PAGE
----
Intensity Revisited

  1. I wanted to highlight an important comment on last week’s “intensity” blog post.
  2. Jarlath O’Neil-Dunne from the UVM Spatial Analysis Lab is finding intensity to be a valuable attribute.
  3. In high contrast regions LiDAR intensity can provide important clues for land use mapping.

I received 2 important comments about last week’s post on intensity. I would like to make everyone aware of the information provided by one of In the Scan’s early supporters, Jarlath O’Neil-Dunne. Jarlath is a geospatial analyst at the University of Vermont’s Spatial Analysis Laboratory. He has been providing me with the real world experience and insight that I lack, so I want to thank Jarlath for his support.

As he pointed out, intensity has proven to be a valuable LiDAR attribute, particularly for impervious surface mapping, when used in a high contrast situation such as in the figure below. This is from a post to the lab’s blog where Jarlath explains their procedure in more detail.

They have been using a data fusion approach combining LiDAR data with CIR imagery and Definiens/eCognition software suite. I discussed the power of this software in one of my first blogs. He also notes the use of QT Modeler, another software package that seems to be showing up more frequently.

Thanks for the comments, and please keep them coming.

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3 Responses to Intensity Revisited

  1. Thank you Gene for the excellent descriptions you provide. A good quote that was passed on to me regarding the use of LiDAR intensity: “one man’s trash is another man’s treasure.”

  2. Martin Flood says:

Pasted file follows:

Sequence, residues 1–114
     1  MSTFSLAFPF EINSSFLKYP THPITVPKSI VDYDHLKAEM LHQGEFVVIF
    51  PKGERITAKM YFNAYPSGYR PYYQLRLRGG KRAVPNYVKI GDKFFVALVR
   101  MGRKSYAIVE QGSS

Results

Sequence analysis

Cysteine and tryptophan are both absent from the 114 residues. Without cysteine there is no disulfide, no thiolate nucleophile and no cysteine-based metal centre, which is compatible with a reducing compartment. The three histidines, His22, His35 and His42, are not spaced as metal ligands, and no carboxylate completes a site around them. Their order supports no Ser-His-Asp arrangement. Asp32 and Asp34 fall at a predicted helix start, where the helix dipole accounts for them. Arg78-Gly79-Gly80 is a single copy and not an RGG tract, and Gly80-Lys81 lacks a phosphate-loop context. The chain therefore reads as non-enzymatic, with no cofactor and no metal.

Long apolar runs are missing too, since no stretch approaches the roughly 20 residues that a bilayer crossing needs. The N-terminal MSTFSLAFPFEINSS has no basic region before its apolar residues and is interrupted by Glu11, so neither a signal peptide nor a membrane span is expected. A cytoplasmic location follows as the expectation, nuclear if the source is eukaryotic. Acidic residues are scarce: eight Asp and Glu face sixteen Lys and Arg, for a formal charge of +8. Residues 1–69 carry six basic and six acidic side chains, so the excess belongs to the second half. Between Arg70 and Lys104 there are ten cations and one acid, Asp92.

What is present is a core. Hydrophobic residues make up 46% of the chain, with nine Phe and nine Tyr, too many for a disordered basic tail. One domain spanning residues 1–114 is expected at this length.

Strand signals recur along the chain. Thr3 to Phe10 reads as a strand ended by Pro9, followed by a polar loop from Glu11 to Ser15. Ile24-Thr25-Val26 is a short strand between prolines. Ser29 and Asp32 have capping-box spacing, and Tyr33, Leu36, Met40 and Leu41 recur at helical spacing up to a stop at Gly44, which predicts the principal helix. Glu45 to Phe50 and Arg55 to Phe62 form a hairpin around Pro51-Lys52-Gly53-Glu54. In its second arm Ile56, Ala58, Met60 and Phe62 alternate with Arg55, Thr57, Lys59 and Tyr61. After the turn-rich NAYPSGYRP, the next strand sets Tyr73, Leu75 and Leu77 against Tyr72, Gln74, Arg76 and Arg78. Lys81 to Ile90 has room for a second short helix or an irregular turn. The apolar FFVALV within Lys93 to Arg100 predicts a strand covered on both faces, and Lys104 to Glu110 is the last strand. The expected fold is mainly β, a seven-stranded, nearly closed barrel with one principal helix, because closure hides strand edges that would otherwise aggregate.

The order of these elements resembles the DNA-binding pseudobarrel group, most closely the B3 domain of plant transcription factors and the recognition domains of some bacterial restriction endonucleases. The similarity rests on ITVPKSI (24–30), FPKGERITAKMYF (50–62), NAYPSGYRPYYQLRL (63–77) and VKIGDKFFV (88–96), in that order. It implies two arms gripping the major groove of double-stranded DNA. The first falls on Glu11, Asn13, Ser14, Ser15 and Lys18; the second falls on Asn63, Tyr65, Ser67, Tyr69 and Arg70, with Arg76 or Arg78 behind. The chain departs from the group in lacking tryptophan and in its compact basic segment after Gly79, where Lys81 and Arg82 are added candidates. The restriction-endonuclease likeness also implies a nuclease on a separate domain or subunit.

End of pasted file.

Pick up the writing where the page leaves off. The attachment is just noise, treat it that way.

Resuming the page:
Intensity – or more correctly return pulse amplitude – is invaluable in airborne data analysis. Used as a relative filter (since as was pointed out it is not radiometricly calibrated in the instrument) it can significantly improve the results when classifying ground returns. It can also be used in other feature extraction algorithms to improve object identification (roads, buildings and water bodies being some examples). At a minimum it allows for a visual reference via a pseudo grayscale image when no supporting imagery is available. For those people using lidar stereo (lidargrammetry), grayscale stereo models generated from the lidar surface and the intensity data can provide a very effective way to extract 3d vector information from the point data set. I do suspect it is not used as much in mobile or static applications since these instruments seem to have an integrated digital camera much more often than airborne instruments. Perhaps intensity will be depreciated in the ground-based markets, but I don’t know too many airborne operators who would give-up their intensity data without a fight!

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